With the Spread of Omicron, 2022 Employment Outlook is Still Unclear

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The employment picture for 2022 remains cloudy thanks to mutations of COVID-19, most recently with the omicron variant. Since March 2020, prognosticators have tried to pinpoint when things will return to normal or, failing that, what the new normal will look like. While no definitive answers are available, pieces of the picture are starting to emerge.

Unemployment rates in San Antonio are not quite at pre-pandemic levels, which hovered at around 3% in early 2020, but they are closer now, falling from double digits in April 2020 to just below 5% in October of 2021. However, the nature of work and the types of jobs held by workers has and continues to undergo change, causing a widespread reevaluation of work-life balance and the unspoken agreement between capital and labor. In many instances, underemployed workers have taken the opportunity to trade up to higher-paying jobs with better working conditions and benefits packages. Expect to see more of the same in 2022. 

The types of jobs currently in demand both locally and nationally include higher and lower skill levels across several industry sectors. Among those are health care, construction, delivery services, IT application development, essential goods retailers, contact tracers and telecommunications. These represent just some of the areas that have seen worker demand surge in the face of the pandemic. Other sectors such as restaurants, lodging, sports and concert venues continue to recover as well, though more slowly and unevenly.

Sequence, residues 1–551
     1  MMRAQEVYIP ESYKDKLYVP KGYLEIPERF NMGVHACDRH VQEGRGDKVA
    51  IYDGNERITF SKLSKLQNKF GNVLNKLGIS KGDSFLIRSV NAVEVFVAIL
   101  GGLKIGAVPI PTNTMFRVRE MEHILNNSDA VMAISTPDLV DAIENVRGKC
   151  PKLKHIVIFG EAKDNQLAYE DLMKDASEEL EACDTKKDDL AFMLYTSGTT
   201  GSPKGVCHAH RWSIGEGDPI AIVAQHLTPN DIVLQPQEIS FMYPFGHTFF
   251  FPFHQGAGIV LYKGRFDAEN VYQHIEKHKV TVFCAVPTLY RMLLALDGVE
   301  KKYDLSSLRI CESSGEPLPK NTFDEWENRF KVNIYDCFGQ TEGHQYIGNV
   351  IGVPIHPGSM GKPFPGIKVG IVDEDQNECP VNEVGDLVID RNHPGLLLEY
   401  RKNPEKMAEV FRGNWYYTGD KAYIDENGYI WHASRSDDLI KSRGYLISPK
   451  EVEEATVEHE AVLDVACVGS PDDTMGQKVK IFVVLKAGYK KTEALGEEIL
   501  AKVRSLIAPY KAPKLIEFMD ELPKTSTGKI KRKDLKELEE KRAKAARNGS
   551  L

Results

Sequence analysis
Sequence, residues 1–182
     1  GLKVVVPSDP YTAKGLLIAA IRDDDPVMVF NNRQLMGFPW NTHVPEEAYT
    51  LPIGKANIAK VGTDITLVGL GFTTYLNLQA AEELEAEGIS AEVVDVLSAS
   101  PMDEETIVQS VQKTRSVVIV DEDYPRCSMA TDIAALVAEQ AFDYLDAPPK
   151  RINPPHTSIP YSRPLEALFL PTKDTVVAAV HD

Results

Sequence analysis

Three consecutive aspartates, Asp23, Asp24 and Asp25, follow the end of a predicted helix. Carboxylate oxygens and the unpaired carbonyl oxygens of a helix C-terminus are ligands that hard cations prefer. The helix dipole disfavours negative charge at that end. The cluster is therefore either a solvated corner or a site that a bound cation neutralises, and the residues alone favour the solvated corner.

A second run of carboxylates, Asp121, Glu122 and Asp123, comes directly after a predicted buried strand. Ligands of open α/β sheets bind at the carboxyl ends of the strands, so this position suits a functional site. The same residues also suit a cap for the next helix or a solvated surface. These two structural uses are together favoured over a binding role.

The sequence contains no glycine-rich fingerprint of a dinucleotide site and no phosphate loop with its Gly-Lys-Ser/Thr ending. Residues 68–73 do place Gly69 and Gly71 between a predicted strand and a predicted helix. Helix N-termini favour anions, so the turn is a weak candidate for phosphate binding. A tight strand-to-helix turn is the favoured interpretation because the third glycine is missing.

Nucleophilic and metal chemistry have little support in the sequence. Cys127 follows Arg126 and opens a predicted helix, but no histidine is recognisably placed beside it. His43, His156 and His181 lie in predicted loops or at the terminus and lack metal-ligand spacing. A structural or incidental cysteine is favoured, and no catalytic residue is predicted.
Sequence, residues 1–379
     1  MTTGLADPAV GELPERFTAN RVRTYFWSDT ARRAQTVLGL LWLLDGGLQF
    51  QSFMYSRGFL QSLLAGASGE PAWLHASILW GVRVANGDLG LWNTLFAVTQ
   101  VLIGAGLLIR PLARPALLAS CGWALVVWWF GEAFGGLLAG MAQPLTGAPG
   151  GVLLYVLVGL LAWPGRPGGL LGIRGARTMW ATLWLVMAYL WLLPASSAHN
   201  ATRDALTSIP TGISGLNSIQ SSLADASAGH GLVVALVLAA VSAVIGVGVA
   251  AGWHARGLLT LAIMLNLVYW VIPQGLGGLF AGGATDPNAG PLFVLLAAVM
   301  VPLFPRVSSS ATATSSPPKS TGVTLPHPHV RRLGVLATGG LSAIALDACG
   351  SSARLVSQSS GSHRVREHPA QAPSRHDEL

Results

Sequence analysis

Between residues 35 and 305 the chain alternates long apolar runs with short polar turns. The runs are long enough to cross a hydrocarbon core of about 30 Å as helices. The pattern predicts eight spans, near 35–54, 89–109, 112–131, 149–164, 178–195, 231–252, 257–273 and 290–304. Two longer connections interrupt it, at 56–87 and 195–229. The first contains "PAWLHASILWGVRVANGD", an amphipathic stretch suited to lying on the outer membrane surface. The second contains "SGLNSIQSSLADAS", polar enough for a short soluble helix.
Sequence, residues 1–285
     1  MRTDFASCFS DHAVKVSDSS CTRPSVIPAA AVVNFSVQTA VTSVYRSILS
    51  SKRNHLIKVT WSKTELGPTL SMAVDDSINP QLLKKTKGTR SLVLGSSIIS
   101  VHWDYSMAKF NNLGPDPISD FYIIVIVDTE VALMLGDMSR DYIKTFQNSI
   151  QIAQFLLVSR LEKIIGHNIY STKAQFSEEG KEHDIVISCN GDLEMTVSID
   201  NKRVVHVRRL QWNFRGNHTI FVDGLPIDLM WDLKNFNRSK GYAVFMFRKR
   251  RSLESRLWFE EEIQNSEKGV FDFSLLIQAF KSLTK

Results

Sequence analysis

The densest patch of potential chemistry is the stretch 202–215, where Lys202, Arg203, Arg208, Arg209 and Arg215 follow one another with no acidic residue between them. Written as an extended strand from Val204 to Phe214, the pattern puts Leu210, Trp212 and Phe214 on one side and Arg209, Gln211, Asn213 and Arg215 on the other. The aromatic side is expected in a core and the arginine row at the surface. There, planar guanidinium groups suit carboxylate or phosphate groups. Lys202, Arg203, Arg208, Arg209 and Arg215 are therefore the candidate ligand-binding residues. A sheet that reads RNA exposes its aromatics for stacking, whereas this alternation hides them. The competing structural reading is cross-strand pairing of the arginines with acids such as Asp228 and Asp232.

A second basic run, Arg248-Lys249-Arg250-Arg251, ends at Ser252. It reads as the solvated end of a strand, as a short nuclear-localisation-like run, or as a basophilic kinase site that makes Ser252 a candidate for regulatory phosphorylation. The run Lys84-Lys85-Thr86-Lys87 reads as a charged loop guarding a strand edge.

COVID-19 and associated new working conditions inadvertently gave working folks the opportunity to reexamine their lifestyles. According to anecdotal evidence compiled by Richard Sifuentes, director of the UTSA Small Business Development Center, many gig workers prefer the ability to set their own hours, as opposed to adhering to a fixed schedule at a fixed location. The increased demand for delivery services, among others, has clearly boosted opportunities for these workers, but such jobs lack health care coverage and other important benefits. 

The City of San Antonio SA: Ready to Work program – the successor to the Train for Jobs SA initiative – beginning in early 2022 seeks to skill up San Antonio’s workforce in order to provide access to quality jobs. Analysis undertaken by UTSA indicates that lack of economic inclusion costs the city between $2 to $10 billion annually in gross metropolitan product. With an overall metropolitan product of around $132 billion, lack of economic inclusion represents a significant drag on overall economic output. 

Some employers have responded to worker shortages in a more traditional manner by increasing wages, vacation time and sick leave. While the most visible examples locally are large companies such as Frost Bank and USAA, evidence suggests that smaller employers are taking similar steps. In the near term at least, workers enjoy greater leverage than in past years. How long that trend will continue remains unclear.